By Mina Bloom | www.dnainfo.com | August 4, 2015
NEAR NORTH SIDE — Developers want to build a seven-story, mixed-use development on a lot occupied by City Farm near the site of the razed Cabrini-Green housing projects.
The mixed-use development at Clybourn Avenue and Division Street would include 84 residential units, a day-care center, retail and a restaurant, according to Peter Levavi, senior vice president at Brinshore Development, one of two developers, along with the Michaels Development Co., behind the project, which has been in the works since 2010.
In total, the development will cost around $39 million, Levavi said. Of that amount, the Chicago Community Development Commission recently approved $8.1 million in Tax Increment Finance dollars. That allocation still needs approval from the City Council in September, he added.
Tax credits needed to fund the development weren’t available until this year, Levavi said.
Levavi called the development a “gateway project.”
“It’s at the very base of the Clybourn [Avenue] corridor. We’re putting in this beautiful plaza. It’s a diamond-shaped site. It’ll be a big public amenity,” he said. Site Design Ltd. is slated to design the plaza. The landscape architecture firm has designed everything from The Park of Lakeshore East to Ping Tom Memorial Park in Chinatown.
Mina Bloom says one goal of City Farm was to create attractive lots:
Levavi said the city, neighborhood groups — including Near North Unity Program and the Cabrini Green Local Advisory Council — as well as Ald. Walter Burnett Jr. (27th), whose ward includes the development, granted zoning approval “many months ago” and fully support the project. Burnett could not be immediately reached for comment.
If all goes according to plan, construction on the development would be completed by July 2017, he said.
Since 2003, the site has been home to City Farm, which harvests vegetables for the community. If the development is built, the farm will move a half a block west to Division and Larrabee streets, according to Ken Dunn, director of City Farm.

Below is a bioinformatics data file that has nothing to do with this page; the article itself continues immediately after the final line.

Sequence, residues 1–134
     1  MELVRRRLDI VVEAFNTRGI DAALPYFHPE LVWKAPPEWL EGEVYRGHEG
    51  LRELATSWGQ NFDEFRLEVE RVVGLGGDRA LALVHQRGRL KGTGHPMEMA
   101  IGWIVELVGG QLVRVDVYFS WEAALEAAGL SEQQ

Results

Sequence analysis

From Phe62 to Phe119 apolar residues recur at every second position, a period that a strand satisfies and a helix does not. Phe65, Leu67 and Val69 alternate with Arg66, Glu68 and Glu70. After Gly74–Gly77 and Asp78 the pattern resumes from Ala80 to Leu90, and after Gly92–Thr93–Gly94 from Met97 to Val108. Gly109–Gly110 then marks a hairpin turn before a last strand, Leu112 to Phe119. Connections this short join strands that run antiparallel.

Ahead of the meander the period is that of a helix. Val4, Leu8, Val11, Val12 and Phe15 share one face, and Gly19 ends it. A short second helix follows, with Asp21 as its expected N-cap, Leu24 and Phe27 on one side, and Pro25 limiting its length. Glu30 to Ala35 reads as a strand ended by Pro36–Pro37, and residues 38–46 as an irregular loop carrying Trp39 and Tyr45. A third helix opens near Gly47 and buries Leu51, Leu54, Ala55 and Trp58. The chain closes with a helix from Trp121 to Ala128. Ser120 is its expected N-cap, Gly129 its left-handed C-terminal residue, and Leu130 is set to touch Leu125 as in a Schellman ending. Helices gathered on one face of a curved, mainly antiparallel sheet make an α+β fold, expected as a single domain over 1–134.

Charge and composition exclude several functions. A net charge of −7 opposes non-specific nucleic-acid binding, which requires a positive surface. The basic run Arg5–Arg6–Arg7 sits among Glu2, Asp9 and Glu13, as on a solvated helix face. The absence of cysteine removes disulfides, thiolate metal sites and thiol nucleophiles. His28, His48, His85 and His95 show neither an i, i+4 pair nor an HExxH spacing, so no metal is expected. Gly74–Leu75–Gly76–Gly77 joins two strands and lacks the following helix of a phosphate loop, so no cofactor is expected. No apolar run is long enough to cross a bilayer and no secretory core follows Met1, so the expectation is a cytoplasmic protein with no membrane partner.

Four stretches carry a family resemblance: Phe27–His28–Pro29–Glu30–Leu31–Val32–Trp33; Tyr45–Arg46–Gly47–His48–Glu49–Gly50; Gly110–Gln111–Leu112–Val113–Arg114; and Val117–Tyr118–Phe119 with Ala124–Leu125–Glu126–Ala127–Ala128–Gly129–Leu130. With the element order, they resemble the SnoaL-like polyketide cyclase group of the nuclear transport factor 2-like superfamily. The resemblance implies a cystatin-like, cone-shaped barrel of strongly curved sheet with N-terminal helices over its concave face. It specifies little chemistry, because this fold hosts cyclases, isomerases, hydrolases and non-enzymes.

Since part of the goal of City Farm is to make vacant lots more attractive to developers, the project is welcome news for Dunn.
“We’ll roll with it and move on,” he said.
Plus, the folks at City Farm will get to be involved with the project. Development plans include a community garden on the second floor of the building. There will also be an apiary or a bee yard on the seventh floor, which will be similar to the one at the Chicago Cultural Center, Levavi said.
City Farm doesn’t own any of the lots it operates, the Old Town lot included. And despite its close proximity to the old housing projects, the lot is not owned by the Chicago Housing Authority either — it’s owned by the city, according to Levavi.
The developer wants to make the building affordable for residents. Of the 84 residential units proposed, 52 of them will be either public or affordable housing units.
There will be 26 public housing units, 16 affordable housing units for those at or below 60 percent of the area median income, 10 affordable housing units for those at or below 80 percent of the area median income and 32 market-rate units, Levavi said.
The 65-acre Cabrini-Green area is undergoing a lot of changes, with developers bidding on the land for the first time this summer.
When it was standing, the housing projects offered more than 3,600 units.
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